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Arctic Cat Inc. v. GEP Power Products, Inc.

United States Court of Appeals, Federal Circuit

March 26, 2019

ARCTIC CAT INC., Appellant
v.
GEP POWER PRODUCTS, INC., Appellee

          Appeals from the United States Patent and Trademark Office, Patent Trial and Appeal Board in Nos. IPR2016-01385, IPR2016-01388.

          Jason Stewart Jackson, Kutak Rock LLP, Omaha, NE, argued for appellant. Also represented by NIALL Andrew MacLeod, Minneapolis, MN.

          Michael T. Griggs, Boyle Fredrickson, S.C., Milwaukee, WI, argued for appellee. Also represented by Eric J. Lalor, Sarah M. Wong.

          Before Prost, Chief Judge, Reyna and TARANTO, Circuit Judges.

          TAEANTO, CIRCUIT JUDGE.

         Arctic Cat Inc. owns U.S. Patent Nos. 7, 072, 188 and 7, 420, 822, which are both titled "Power Distribution Module for Personal Recreational Vehicle." The patents describe an assertedly inventive electrical-connection box having an array of receptacle openings that allow wires to be arranged and secured in various positions for distributing power to various electrical components, including components of a personal recreational vehicle. GEP Power Products, Inc. petitioned the Patent Trial and Appeal Board for inter partes reviews of all claims of both patents. The Board determined that all claims of the '188 and '822 patents are unpatentable.

         Arctic Cat appeals. It argues principally that the Board erred by (1) rejecting Arctic Cat's submission of the full transcript of its inventor's deposition, (2) construing various claim preambles as not stating limitations on the claimed inventions, and (3) finding U.S. Patent No. 6, 850, 421 (Boyd) to be prior art applicable against the '188 and '822 patents. We conclude that the Board did not abuse its discretion in rejecting the deposition-transcript submission; that the Board correctly held preamble references to a vehicle in the claims at issue not to be limiting; but that the Board improperly determined that Boyd was prior art. Based on those conclusions, as to the '188 patent, we reverse in part, vacate in part, and remand for further proceedings. As to the '822 patent, we affirm.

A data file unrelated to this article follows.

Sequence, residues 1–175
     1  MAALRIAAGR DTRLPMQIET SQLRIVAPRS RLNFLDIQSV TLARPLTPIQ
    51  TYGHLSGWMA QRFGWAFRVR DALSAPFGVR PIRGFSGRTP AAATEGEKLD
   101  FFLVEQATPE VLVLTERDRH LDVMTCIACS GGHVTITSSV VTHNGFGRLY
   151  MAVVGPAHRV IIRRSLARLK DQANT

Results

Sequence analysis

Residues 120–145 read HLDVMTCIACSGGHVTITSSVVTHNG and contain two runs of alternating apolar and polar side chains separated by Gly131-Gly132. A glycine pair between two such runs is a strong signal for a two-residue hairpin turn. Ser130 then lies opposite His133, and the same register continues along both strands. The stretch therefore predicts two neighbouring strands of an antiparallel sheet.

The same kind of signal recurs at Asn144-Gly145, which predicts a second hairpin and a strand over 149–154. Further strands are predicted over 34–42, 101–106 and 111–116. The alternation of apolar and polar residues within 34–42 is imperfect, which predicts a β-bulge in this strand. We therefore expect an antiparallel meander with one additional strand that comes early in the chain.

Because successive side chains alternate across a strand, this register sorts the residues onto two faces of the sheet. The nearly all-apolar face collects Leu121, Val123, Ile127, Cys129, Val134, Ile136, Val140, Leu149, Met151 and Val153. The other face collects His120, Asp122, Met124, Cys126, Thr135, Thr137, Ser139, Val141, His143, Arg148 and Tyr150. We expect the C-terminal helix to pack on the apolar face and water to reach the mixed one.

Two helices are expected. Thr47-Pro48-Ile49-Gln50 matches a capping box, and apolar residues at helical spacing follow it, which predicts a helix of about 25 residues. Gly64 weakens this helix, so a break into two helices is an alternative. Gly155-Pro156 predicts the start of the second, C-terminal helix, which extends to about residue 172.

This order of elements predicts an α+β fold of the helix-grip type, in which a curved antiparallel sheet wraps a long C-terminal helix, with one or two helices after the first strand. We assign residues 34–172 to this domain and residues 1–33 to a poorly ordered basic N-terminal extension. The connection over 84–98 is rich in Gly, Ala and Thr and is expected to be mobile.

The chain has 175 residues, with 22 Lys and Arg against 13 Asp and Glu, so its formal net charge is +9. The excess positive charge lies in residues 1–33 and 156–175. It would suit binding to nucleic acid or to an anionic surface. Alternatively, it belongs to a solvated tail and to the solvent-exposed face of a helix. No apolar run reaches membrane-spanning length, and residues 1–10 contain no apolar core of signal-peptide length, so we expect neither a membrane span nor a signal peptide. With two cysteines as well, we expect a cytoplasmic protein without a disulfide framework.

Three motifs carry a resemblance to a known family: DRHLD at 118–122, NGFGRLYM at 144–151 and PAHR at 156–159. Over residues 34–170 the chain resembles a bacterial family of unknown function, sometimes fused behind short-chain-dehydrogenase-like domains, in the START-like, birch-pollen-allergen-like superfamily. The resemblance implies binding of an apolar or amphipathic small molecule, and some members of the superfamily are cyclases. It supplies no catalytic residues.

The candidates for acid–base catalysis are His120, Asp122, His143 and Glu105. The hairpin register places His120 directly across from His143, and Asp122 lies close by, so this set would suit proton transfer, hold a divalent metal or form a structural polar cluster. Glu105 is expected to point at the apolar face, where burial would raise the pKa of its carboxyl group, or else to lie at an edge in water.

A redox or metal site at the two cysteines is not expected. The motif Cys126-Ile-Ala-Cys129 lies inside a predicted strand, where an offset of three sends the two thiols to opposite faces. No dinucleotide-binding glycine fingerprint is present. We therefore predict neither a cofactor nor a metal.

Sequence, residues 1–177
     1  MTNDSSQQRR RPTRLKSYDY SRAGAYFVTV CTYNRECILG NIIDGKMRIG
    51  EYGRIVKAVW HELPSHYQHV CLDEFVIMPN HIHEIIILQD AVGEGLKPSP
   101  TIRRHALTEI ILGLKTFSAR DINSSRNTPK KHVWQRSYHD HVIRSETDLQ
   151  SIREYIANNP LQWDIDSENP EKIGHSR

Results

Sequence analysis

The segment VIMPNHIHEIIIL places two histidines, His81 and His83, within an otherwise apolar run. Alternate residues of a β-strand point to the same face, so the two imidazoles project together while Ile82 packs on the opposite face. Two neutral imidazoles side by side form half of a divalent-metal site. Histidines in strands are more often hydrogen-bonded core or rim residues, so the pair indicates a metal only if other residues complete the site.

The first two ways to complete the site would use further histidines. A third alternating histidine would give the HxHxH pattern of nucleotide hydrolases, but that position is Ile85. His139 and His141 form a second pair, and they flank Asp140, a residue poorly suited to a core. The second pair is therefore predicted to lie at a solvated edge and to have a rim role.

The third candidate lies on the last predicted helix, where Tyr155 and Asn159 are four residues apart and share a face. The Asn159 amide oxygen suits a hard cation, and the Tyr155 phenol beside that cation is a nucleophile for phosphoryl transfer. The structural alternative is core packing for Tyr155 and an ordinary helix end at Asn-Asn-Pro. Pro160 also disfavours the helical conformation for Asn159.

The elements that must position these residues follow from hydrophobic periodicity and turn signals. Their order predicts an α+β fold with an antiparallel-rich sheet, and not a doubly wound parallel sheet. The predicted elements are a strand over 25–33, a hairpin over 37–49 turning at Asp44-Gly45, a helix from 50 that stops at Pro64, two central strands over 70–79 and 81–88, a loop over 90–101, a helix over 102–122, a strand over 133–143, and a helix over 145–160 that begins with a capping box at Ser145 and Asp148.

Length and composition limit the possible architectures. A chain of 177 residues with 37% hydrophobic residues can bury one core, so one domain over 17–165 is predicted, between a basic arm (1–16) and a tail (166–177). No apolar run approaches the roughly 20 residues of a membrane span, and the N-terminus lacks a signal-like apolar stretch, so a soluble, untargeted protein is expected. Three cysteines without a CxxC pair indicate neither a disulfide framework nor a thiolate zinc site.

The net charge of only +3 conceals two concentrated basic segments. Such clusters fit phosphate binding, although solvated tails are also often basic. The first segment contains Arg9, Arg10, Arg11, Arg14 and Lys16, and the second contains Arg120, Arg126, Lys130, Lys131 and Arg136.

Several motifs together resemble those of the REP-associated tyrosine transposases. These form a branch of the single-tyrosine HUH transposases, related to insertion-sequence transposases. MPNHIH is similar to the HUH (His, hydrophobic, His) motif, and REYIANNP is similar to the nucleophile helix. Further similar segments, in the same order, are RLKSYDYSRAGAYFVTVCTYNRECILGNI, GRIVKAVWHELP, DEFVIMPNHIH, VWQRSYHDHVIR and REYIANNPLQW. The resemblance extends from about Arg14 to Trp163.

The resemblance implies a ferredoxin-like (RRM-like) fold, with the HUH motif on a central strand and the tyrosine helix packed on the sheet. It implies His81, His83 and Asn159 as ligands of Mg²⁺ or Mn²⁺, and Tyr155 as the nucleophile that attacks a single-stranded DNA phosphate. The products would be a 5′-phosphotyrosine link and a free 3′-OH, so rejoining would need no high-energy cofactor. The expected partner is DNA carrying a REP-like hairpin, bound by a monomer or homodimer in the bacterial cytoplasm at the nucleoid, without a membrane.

I

         A

         The '822 patent issued from an application that was a continuation of the application from which the '188 patent issued. The patents claim the same priority date of October 29, 2002, when the application for the '188 patent was filed, and they have essentially the same specification. The specification describes a power distribution module, which includes a housing and a cover. '188 patent, col. 1, lines 61-64; '822 patent, col. 2, lines 5-7. The interior of the housing includes a "component attachment portion," which is a wall with an array of electric-receptacle openings meant for "receiving and securing electrical components." '188 patent, col. 1, line 61 through col. 2, line 1; '822 patent, col. 2, lines 8-11. The module also includes a distribution harness with electrical conductors that connect electrical components to the receptacles and facilitate power distribution. '188 patent, col. 2, lines 1-6; '822 patent, col. 2, lines 12-16. The specification states that "[a]nother aspect of the present invention is directed to a personal recreational vehicle having an electrical distribution system" that includes the same power distribution module. '188 patent, col. 2, lines 7-9; '822 patent, col. 2, lines 17-19. The invention is purportedly useful because standardization of components across different vehicle models reduces manufacturing time and costs. See'188 patent, col. 1, lines 38-55; '822 patent, col. 1, lines 50-67.

         In the '188 patent, claims 1, 11, and 19 are independent. Claim 1 reads:

1. A power distribution module for a personal recreational vehicle comprising:
a housing defining an interior, including a component attachment portion and a cover, the cover comprising a first surface substantially surrounding the perimeter thereof, the first surface conforming to a first edge surrounding the perimeter of the component attachment portion, the component attachment portion comprising a fastener secured thereto proximate the first edge thereof, the fastener selectively securing the component attachment portion to the cover having the first surface of the cover in engagement with the first edge of the component attachment portion, the housing further including a plurality of receptacle openings in a wall in the component attachment portion, wherein the receptacle openings are spaced-apart in rows and columns of openings, the spacing between the rows and the spacing between the columns being substantially the same for receiving and securing at least one electrical component within the housing across multiple rows or across multiple columns of openings; and
a distribution harness having a plurality of electrical conductors, wherein the electrical conductors electrically cooperate with the receptacle openings to connect to the at least one electrical component, wherein the conductors are adapted to distribute power.